Related News for Nikolai Slavov
As part of the 15th anniversary of Nature Methods, BioE Assistant Professor Nikolai Slavov was featured in the article “Voices in methods development” about what he thinks are the most exciting and essential methodological biology challenges that are poised to be tackled in the near future.
BioE Assistant Professor Nikolai Slavov Lab was highlighted in the Nature Methods article A Dream of Single-Cell Proteomics highlighting their research in single-cell proteomics.
Bioengineering Assistant Professor Nikolai Slavov has developed a breakthrough method of identifying more than a thousand proteins per cell which could help map the functions of them throughout the body.
BioE Assistant Professors Ambika Bajpayee and Nikolai Slavov were each recipients of a $125K Sanofi iAward, which were created to promote scientific breakthroughs by tapping into the world’s greatest minds through close collaboration with renowned academic institutions.
The NIH Director’s office highlighted game-changing research on “Pinpointing Plenty of Proteins – in a Single Cell” conducted by BioE Assistant Professor Nikolai Slavov and his team.
BioE Assistant Professor Nikolai Slavov has devised a method to identify more than a thousand proteins in an individual cell and estimate their abundance.
Research from BioE Assistant Professor Nikolai Slavov’s lab was featured in Technology Network’s article “Through the Looking Glass of Single Cell Proteomics“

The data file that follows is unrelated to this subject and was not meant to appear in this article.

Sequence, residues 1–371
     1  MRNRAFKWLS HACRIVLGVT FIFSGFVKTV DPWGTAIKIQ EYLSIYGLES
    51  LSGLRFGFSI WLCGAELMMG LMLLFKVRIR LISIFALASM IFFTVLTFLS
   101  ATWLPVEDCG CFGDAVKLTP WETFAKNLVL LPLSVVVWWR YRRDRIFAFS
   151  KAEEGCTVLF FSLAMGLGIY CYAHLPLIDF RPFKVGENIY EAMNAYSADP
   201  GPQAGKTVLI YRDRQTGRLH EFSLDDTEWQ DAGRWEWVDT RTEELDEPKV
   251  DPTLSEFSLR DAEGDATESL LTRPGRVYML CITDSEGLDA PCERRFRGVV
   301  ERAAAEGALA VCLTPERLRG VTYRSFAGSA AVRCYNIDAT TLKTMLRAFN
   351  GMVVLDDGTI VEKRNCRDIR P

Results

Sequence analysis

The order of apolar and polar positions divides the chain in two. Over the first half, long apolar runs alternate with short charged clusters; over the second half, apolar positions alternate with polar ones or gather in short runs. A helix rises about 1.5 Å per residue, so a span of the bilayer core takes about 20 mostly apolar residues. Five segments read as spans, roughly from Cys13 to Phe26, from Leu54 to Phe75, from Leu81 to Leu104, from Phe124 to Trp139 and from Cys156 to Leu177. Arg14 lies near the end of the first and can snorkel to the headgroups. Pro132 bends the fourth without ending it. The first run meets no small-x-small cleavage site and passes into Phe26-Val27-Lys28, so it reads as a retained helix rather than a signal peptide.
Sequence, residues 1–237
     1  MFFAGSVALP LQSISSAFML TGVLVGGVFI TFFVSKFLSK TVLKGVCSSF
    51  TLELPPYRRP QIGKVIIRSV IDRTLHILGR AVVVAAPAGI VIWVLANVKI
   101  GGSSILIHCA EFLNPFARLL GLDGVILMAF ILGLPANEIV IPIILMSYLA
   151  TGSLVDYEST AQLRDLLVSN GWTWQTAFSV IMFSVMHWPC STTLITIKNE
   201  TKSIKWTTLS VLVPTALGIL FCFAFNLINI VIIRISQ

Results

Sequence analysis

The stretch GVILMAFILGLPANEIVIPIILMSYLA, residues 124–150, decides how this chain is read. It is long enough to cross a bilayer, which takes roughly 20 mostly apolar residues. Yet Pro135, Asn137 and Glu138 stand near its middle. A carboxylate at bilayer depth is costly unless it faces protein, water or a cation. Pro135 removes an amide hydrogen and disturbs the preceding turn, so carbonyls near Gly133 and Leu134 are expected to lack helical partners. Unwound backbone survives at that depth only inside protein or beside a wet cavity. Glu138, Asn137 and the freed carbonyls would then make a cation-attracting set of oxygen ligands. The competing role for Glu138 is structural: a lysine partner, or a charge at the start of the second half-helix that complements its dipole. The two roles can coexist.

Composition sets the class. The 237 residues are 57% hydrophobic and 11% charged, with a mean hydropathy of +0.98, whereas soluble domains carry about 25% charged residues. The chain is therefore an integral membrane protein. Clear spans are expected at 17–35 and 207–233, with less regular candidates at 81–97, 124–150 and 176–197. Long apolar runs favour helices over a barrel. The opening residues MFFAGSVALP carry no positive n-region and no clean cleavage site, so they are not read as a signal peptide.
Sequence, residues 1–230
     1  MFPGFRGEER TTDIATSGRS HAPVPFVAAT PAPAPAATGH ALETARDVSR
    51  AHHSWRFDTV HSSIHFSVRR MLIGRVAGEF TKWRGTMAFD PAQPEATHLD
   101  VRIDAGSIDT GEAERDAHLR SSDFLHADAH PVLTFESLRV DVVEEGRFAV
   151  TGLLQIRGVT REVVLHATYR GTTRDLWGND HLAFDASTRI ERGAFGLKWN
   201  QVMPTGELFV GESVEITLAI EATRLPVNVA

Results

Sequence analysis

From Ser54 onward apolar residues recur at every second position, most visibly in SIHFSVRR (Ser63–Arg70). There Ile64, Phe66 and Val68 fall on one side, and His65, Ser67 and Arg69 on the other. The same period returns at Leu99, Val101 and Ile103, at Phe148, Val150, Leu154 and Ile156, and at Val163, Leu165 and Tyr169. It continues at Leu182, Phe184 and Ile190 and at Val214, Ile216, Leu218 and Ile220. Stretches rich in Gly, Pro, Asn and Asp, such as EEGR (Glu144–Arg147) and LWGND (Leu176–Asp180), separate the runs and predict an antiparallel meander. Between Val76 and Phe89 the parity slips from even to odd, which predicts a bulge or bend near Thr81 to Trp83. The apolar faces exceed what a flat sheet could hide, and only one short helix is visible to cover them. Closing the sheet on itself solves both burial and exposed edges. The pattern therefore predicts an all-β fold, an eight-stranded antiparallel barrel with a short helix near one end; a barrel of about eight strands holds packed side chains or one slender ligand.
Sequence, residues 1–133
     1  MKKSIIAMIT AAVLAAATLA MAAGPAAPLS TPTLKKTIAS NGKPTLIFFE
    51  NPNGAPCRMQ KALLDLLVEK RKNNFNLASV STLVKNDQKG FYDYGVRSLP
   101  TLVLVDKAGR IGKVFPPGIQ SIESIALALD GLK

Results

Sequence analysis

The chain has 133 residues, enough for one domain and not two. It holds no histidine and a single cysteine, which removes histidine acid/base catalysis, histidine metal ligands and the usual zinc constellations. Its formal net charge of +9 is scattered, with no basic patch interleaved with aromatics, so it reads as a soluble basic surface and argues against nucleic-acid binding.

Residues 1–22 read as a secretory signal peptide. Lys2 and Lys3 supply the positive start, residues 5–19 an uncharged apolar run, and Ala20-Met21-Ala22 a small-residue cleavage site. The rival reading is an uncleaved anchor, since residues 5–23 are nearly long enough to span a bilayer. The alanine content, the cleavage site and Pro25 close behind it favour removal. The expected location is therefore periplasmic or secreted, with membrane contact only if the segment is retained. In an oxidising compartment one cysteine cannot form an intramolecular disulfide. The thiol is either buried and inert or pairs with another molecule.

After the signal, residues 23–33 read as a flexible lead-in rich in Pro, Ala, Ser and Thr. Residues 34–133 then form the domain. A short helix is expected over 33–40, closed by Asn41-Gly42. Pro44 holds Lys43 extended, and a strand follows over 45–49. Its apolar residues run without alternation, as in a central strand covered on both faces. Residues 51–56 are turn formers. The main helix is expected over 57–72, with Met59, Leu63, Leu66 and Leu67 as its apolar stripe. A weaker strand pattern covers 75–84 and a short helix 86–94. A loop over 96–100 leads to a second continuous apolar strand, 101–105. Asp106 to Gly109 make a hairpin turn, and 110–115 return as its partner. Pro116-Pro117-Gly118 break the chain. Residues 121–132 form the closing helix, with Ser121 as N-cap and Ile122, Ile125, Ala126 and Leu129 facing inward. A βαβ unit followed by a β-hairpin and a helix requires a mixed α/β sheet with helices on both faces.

The article “Transformative Opportunities for Single-Cell Proteomics”, which is research from BioE Assistant Professor Nikolai Slavov’s Laboratory, is featured on the cover of the Journal of Proteome Research.
The 1st Single Cell Proteomics (SCP) Conference was recently held at Northeastern which focused on demonstrating the feasibility of quantifying thousands of proteins in single cells by mass-spectrometry
Congratulations to all the winners of the faculty and staff awards, and to everyone for their hard work and dedication during the 2017-2018 academic school year.
Research pioneered in BioE Assistant Professor Nikolai Slavov’s laboratory on a mass-spec method for quantifying proteins in single cells (SCoPE-MS) was highlighted on GenomeWeb.
BioE Assistant Professor Nikolai Slavov was featured in Science magazine’s article on “Are preprints the future of biology? A survival guide for scientists“
Festival of Genomics interviewed BioE Assistant Professor Nikolai Slavov to find out about the origins and the future of a new method for quantifying thousands of proteins in single human cancer and stem cells that his laboratory developed: What are you working on right now? In terms of technology development, we are evolving our approach to Single Cell ProtEomics […]
Research from BioE Assistant Professor Nikolai Slavov's laboratory is highlighted in The Scientist in the article entitled "How Statistics Weakened mRNA’s Predictive Power".
Recently the Slavov lab developed Single Cell ProtEomics by Mass Spectrometry (SCoPE-MS), and validated its ability to identify distinct human cancer cell types based on their proteomes. They used SCoPE-MS to quantify over a thousand proteins in differentiating mouse embryonic stem cells. The single-cell proteomes enabled them to deconstruct cell populations and infer protein abundance […]
BioE Assistant Professor Nikolai Slavov was awarded the National Institutes of Health Director's New Innovator Award and a $2.35M grant to study "Ribosome-Mediated Translational Regulation during Stem Cell Differentiation".
23 COE faculty and affiliates were recipients of FY17 TIER 1 Interdisciplinary Research Seed Grants for 12 different projects representing over $600K dollars of investment in research.
BioE Assistant Professor Nikolai Slavov's research was featured in Trends in Biochemical Sciences for "All Ribosomes Are Created Equal. Really?"
BioE Assistant Professor Nikolai Slavov wrote the feature article in eLIFE about "Making the most of peer review".
BioE Assistant Professor Nikolai Slavov has shown that cells build different ribosomes that likely not only assemble amino acids into proteins but also regulate protein production.